to be sixty atmospheric gallons, but cated for the priesthood.Atheneum.
only thirty will be put in. The price of The following method of extracting a filling those of similar dimensions with blue colour for dyeing, from buckwheat that quantity will be tenocents, and the straw, is copied from a late London perio. gas will burn for seventy hours, or as long dical : The straw should be gathered as a large wax candle, yielding much before the grain is quite dry; and placed more light. The jet can be easily regu
lated by a key. The composition of the a classical urn, column, &c. and as highly gas is a secret. We presume the article ornamented as the taste of those who use will be in demand, if it is found as safe, it may require.-Another gentleman is cheap, and useful as it seems to be. The associated with Mr. Boston in the project. vessel may be made in any form, such as -N. Y. Com. Adv.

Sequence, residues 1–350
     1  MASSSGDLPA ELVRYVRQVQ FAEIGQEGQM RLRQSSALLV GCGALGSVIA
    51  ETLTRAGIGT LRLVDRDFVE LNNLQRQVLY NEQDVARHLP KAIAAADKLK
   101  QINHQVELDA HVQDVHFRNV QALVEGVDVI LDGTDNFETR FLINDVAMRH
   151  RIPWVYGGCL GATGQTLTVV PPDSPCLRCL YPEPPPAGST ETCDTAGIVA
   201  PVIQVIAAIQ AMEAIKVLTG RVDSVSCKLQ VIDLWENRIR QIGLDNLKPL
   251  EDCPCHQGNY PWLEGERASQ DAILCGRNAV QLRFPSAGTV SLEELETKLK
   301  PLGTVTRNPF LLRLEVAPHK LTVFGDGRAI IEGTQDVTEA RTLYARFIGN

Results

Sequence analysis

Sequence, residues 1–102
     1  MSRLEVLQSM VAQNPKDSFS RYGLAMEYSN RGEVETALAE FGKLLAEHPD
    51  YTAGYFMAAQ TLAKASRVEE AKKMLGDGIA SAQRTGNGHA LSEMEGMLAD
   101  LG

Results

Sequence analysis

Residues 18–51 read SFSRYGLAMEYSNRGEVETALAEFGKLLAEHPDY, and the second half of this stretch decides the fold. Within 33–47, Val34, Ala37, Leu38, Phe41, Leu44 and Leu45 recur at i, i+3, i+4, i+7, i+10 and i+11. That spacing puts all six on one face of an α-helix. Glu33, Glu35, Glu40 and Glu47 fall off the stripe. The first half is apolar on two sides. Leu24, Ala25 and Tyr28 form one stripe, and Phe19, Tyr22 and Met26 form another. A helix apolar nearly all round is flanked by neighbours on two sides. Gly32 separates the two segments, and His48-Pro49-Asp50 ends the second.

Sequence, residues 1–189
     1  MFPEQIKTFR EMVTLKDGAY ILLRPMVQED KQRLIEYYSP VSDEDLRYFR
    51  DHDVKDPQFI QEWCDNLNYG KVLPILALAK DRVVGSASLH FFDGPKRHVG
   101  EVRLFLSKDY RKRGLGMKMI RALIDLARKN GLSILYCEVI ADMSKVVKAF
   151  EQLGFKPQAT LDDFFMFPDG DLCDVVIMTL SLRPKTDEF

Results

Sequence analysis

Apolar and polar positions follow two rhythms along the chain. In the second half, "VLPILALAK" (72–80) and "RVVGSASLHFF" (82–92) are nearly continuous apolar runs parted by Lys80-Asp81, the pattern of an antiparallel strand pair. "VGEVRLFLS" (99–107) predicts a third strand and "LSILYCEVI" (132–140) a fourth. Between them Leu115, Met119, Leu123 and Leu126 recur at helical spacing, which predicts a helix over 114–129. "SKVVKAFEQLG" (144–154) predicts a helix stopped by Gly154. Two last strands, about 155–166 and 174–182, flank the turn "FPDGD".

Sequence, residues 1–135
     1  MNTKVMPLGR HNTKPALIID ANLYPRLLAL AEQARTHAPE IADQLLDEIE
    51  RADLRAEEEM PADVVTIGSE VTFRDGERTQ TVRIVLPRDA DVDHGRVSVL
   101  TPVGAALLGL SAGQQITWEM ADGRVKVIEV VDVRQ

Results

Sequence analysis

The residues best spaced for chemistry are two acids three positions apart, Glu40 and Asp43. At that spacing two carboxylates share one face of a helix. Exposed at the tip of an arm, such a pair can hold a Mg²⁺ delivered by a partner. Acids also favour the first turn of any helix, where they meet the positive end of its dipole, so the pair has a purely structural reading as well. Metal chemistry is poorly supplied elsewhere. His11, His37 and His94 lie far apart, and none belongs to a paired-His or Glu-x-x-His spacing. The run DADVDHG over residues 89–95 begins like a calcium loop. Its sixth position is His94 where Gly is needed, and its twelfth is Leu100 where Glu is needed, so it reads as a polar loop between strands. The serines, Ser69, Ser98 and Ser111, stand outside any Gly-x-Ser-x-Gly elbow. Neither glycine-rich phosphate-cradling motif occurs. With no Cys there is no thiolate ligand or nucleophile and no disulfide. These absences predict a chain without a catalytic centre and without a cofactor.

fitted to promote the interests of foreign
missions. We have been requested to pub You are fully aware that we are doing lish the following Circular, and we almost nothing for the cause of Foreign comply with the request readily Missions, in the Presbyterian Church in and with great pleasure.
the United States. And compared with what we ought to do, with what we
might do, and with what we have done (CIRCULAR.)
in other forms of Christian charity, our Baltimore, March 18, 1831. neglect of this is surprising, criminal, and DEAR BRETHREN, -At the last stated very perilous. meeting of the Presbytery of Baltimore, Much of this bas been owing, we think, the following preamble and resolution to the want of a specifick plan, fitted to were unanimously adopted, viz: